The view across Seattle's Third Avenue, ca. 1918
Only one of the structures recorded in this view survives: the then-4-year-old YWCA building at Fifth Avenue and Seneca.
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IN THE WINTER of 1920, Foster and Kleiser trumpeted the great success of their outdoor advertising business — aka billboards — by offering preferred stock in their company at $100 a share. Soon after, they ran an ad on The Seattle Times "finance and markets" page strengthening their offering with a boast: "The Power of Art Has Produced This Great Business."
The slogan was framed in a pen-and-ink rendering of one of the wonderfully pretentious billboard frames Foster and Kleiser had raised on some of the many local corners and rooftops for which they had leases. They adorned this double lot at the northeast corner of Third Avenue and Seneca Street four times with the "power of art."
The years that billboards cloaked the clutter of this corner were few. They began appearing after the ca. 1907 destruction of the big home that Dexter Horton, Seattle's first banker, built here in the 1870s. Foster and Kleiser made their fancy billboards in part to answer critics (led by local improvement clubs) who described boards as "blots on beauty" and "commercialism gone mad," among other things.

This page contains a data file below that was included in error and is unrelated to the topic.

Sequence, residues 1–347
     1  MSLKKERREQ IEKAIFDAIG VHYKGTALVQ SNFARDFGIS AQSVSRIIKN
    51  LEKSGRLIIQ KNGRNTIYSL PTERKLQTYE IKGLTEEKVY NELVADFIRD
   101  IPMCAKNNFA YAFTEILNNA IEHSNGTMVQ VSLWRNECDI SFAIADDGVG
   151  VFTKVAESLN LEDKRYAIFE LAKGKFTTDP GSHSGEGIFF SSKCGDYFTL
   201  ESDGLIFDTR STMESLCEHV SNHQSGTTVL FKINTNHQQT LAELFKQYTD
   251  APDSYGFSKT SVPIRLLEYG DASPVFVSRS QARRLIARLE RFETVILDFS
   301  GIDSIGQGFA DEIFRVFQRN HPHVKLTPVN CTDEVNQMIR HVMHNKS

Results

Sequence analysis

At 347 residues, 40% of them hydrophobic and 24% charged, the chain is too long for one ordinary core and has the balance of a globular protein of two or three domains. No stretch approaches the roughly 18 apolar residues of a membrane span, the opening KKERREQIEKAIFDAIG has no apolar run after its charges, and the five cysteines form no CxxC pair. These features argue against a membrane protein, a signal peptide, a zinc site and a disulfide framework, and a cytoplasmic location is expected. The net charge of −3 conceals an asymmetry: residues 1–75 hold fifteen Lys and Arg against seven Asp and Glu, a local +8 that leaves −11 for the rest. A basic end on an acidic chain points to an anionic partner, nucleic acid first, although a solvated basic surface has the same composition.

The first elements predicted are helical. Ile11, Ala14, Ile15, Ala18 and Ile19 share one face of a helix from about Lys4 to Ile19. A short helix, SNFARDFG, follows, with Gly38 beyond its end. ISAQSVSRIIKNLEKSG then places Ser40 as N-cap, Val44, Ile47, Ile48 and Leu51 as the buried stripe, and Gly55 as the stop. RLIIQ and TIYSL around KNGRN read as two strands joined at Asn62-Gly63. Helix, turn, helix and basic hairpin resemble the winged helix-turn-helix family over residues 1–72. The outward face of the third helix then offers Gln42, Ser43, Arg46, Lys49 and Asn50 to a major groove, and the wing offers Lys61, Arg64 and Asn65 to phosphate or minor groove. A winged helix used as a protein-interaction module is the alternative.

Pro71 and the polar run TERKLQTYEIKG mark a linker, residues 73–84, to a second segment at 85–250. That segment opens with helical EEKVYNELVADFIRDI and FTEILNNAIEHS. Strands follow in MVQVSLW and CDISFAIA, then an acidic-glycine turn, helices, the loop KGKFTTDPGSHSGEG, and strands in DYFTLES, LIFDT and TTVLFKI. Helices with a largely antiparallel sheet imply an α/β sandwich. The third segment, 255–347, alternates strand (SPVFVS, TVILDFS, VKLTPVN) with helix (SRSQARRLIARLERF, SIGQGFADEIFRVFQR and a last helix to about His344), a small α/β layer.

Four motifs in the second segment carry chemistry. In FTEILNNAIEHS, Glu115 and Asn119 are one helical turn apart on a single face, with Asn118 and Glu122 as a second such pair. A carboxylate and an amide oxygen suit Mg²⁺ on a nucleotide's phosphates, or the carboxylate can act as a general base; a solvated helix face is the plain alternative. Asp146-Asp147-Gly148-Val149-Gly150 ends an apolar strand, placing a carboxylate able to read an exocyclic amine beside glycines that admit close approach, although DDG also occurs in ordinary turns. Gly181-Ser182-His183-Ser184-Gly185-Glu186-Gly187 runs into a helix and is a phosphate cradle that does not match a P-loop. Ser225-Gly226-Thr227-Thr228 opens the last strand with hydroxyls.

The art-deco frames were removed to make way for the Telephone Building in 1920. This sturdy survivor was engineered to hold the company's heavy equipment. For the foundation the builders also prudently wrapped in concrete the Great Northern Railroad tunnel that runs directly beneath the northeast corner of their skyscraper.
Only one of the structures recorded in this 1918 look east across Third Avenue survives: the then-4-year-old YWCA building at Fifth Avenue and Seneca. The Y's ornate upper floors hold the horizon. They are topped by a high wire fence for games on the roof.
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